Pop also wouldn't tell me what it meant when Harry M yelled that sentence and waggled one finger at that woman when he was really mad. That sentence contained something like "Puttano" and "Du Leeowlo" and some other other Italian that I can't remember anymore. Pop smiled real broad when I repeated that sentence to him, but he never told me what it meant. Pat M also wouldn't tell me what that sentence meant even though for years after that he would waggle his finger and say "Pu. . . Pu" to his dad when Harry was acting cranky. And Harry would say, "Go ahead Patty, just go ahead."

Well, anyway, by this time I was well on the way to the barbershop, excuse me, salon, for my monthly clip. And I had to turn off the Donald Westlake audio book in the CD player because with all of the above rolling around in my head it was impossible to pay proper attention to Westlake’s silly tale about two groups of small time hoods that are both preparing to rob the same corporate malefactor of great wealth. That crime is going to go way wrong, like Westlake’s crimes always do.

I had to turn off the booktape because the thoughts in my head were swimming faster than Michael Phelps as I drove to the salon, but not as straight. They were swimming around as fast as they used to back when I would have occasion to be talked to by Mrs. M, not Harry's Mrs M, John's Mrs. M who owned the luncheonette. Mrs. M was one of the world’s great talkers but her plot lines and time lines interweaved as capriciously as those of V.S. Naipaul, whose autobiographical pastiche I am again trying to read.

Anyway, I got thinking about the time Mom did Mrs. M's laundry when Mrs. M's washer broke down. Mrs. M was so pleased that she talked her way around to believing that she had hired Mom to do her laundry every week, and Mom didn’t realize she had maybe agreed to do Mrs. M’s laundry every week until a little later when her thoughts slowed down and straightened out. And Mom went over and apologized to Mrs. M for a long time because she didn’t have time to do her laundry. Mom was working then at Farm Credit for Mr. K, who limped even though he had that one special shoe with the big thick sole and heel. That was before Mr. K retired and the Egyptian became the boss at Farm Credit. I never saw him. I wonder if he really was an Egyptian. An Egyptian would have been pretty exotic in Trooper in those days although I guess that was in the 1980's so maybe he really was an Egyptian.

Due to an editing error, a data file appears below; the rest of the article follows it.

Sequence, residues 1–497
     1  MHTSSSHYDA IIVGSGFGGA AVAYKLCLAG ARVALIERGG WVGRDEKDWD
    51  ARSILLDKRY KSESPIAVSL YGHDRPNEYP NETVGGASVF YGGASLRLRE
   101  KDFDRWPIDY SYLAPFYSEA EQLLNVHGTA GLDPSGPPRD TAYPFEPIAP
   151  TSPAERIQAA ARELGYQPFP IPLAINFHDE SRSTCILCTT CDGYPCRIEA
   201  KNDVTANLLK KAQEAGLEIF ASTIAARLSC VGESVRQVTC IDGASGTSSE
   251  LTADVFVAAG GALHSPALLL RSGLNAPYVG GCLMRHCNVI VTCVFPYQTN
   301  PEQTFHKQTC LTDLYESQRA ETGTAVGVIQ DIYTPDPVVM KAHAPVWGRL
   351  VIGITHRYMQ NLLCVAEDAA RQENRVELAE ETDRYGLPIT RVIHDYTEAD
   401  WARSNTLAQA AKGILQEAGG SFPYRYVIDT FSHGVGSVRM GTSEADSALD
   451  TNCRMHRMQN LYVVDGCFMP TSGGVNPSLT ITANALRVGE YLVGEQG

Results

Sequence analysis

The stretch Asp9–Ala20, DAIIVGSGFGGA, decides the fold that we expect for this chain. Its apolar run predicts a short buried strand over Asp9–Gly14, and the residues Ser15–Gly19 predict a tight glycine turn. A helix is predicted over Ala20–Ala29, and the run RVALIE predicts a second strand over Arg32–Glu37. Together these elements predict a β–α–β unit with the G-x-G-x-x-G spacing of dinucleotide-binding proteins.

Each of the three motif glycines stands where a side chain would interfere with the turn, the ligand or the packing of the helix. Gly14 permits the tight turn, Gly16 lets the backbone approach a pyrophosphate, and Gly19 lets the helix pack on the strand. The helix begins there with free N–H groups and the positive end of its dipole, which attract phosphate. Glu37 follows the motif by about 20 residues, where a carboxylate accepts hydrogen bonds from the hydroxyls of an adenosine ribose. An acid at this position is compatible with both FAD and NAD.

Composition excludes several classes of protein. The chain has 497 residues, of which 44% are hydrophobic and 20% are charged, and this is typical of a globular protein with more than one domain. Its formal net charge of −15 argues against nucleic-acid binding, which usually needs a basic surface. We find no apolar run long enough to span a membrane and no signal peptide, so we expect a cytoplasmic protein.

Mom was very precise sometimes and not so precise at other times. Some of her stories changed over time and then changed back, and some of her stories contradicted other stories. Mom liked the story about Mrs. M and the laundry a lot because she could never figure out just how she came to agree to do that laundry. When she told the story about the laundry she would always tell about the time that Sam took a big swig from the sweety bottle that was filled with used cooking oil. Sam thought it was soda. The sweety bottle story connected to the laundry because Mom used a sweety bottle to sprinkle her clothes with when she ironed. The sweety bottle also connected to Sam because he was late off the bottle when he was a toddler and mom used to say she ended up giving him his milk in a sweety bottle with a nipple. But that never made sense because the laundry sweety bottle and the used oil sweety bottle were no bigger than the baby bottle that Marianne was sucking from by about that time. Or was that later? Sam is much better than me with ages and years things happened.

Well, anyway, after a while I reached the Great Clips Salon by courtesy of the mysterious autopilot that handles things for me when I'm paying no attention to the road and yet still manage to get somewhere without getting things like bicycles and highway cones and pedestrians stuck onto the front of the car. But the autopilot wasn't working perfectly today because first it took me past the CVS instead of stopping to pick up my prescription and then it took me past the Redners shopping center where the Great Clips is even though the purpose of the whole trip was to get a haircut. So I had to turn around at the Acme and go back. All in all the autopilot was working like crap, but not as badly as the time it took me down to Bala Cynwyd to the empty building where I had my old job when it knew that I had been working in Fort Washington for almost two years. I wasn't too irritated that time it took me down to Bala Cynwyd because I was listening to a really good book tape that day.